Each trial started with a fixation cross in the center of the screen (Figure 1H). As soon as the participant fixated the cross, one of the images was shown in full-screen for 5 s. After the full-screen presentation, a circular image patch was shown. An on-screen prompt posed the question of whether this patch was part of the image that had just been shown. The patch came from the shown image or from another image in the same image category with equal probability, and its location in the image was random and changed each trial. They answered by either pressing the left, “yes”, or the right, “no”, arrow key on a keyboard placed in front of them. Responses initiated the next trial. The diameter of the patch was set to 3.2° for naturals, fractals, and manmades, and to 4.3° for pinks. A larger patch size was used for images from the pinks category due to higher difficulty solving the task for this image category, as observed in pilot experiments (data not shown). Before the experiment began, subjects were instructed to study the full-screen image carefully and upon the appearance of the circular patch, to respond by button press to the question of whether the patch was part of the full-screen image. The subjects were explicitly told that accuracy was more important than a fast response; accordingly the reaction times were not analyzed.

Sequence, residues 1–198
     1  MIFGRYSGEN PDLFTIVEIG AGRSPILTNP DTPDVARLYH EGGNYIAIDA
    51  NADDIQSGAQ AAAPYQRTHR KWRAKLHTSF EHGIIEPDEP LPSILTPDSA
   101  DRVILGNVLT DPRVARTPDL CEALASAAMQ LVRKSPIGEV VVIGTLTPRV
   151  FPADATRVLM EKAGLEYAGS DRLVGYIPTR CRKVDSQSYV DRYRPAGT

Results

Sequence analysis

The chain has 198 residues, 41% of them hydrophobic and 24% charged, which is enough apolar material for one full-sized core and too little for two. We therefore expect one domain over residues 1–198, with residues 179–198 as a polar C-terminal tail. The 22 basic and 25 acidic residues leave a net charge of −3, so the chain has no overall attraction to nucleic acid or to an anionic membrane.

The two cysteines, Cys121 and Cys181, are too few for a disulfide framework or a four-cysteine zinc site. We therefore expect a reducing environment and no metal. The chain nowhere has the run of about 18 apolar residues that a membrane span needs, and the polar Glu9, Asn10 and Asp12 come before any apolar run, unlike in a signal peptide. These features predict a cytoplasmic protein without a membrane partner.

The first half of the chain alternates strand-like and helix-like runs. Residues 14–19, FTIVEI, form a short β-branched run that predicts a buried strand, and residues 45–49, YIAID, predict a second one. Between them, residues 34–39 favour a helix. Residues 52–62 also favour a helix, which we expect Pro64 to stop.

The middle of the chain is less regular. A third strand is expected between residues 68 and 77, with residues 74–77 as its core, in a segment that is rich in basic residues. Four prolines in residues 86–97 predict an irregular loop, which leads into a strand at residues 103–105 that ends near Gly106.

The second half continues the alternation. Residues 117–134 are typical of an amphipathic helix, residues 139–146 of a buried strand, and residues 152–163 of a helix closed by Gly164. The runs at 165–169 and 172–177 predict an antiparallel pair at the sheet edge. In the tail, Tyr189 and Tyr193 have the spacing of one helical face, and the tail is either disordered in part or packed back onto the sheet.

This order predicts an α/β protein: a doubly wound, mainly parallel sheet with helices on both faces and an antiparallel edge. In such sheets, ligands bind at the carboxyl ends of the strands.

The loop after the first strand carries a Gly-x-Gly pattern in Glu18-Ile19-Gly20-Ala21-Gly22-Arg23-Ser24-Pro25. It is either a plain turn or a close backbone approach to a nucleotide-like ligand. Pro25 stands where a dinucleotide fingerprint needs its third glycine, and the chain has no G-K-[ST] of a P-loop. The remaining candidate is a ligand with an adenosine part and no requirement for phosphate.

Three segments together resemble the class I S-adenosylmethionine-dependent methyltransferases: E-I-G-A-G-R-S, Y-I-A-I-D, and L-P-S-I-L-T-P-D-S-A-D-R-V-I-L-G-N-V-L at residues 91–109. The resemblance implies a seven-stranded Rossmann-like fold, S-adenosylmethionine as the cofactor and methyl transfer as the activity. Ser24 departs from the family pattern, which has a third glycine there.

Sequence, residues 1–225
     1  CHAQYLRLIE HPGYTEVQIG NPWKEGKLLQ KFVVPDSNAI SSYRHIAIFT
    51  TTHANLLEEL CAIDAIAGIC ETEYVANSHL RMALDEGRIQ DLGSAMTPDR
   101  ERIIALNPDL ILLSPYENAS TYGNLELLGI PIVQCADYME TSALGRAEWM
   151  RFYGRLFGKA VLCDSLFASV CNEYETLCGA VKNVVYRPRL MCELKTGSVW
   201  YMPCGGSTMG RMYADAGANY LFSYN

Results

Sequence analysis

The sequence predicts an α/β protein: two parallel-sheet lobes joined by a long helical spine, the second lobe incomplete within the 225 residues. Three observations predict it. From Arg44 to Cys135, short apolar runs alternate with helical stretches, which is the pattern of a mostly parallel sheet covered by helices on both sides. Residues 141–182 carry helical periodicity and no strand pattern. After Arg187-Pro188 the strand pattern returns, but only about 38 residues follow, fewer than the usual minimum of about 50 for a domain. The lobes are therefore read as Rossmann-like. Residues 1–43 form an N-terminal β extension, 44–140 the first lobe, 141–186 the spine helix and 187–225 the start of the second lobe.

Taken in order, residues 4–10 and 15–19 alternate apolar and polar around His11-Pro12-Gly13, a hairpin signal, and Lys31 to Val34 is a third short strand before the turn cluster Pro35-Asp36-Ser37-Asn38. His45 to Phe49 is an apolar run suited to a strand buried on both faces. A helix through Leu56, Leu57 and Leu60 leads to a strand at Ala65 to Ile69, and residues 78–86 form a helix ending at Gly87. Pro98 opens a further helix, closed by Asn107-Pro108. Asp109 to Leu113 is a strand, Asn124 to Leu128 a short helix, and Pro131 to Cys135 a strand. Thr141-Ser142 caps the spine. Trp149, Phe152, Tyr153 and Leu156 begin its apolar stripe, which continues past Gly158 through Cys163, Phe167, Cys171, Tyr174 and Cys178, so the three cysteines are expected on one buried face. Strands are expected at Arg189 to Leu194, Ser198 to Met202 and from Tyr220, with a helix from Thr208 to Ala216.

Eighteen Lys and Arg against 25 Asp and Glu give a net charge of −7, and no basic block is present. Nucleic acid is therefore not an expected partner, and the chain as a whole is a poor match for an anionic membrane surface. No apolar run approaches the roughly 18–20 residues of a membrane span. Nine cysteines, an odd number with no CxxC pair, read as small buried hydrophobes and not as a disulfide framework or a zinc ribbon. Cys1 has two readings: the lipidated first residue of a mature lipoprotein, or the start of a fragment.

Data analysis addressed three different aspects of natural viewing behavior together with the relations between these aspects. We first analyzed the performance in the patch-recognition task. After that we quantified basic image-viewing differences observed for different image categories and age groups. We addressed whether different viewing characteristics display correlations with performance in the task. We then moved on to analyze the fixated locations in terms of image features such as luminance contrast and local symmetry. Next we checked whether the observed differences between subjects, regarding how feature-related they were, depend on their viewing characteristics and/or influence task performance. Since natural image statistics and the derived characteristics violate the assumptions underlying the parametric statistical tests (Baddeley, 1996), non-parametric tools were employed (Efron, 1979). These included the information theoretic measure of area under curve (AUC), bootstrap confidence intervals (CIs), and resampling testing, all of which are explained below. In sum, viewing characteristics, performance, and local feature analysis at fixations establish the core part of our non-parametric data analysis.


Performance was quantified employing the standard measures of percentage correct, hit rate, and false alarm (FA) rate. As mentioned above, reaction times were not analyzed. Category and age-group specific analyses were identical to the viewing characteristics explained below.

Viewing characteristics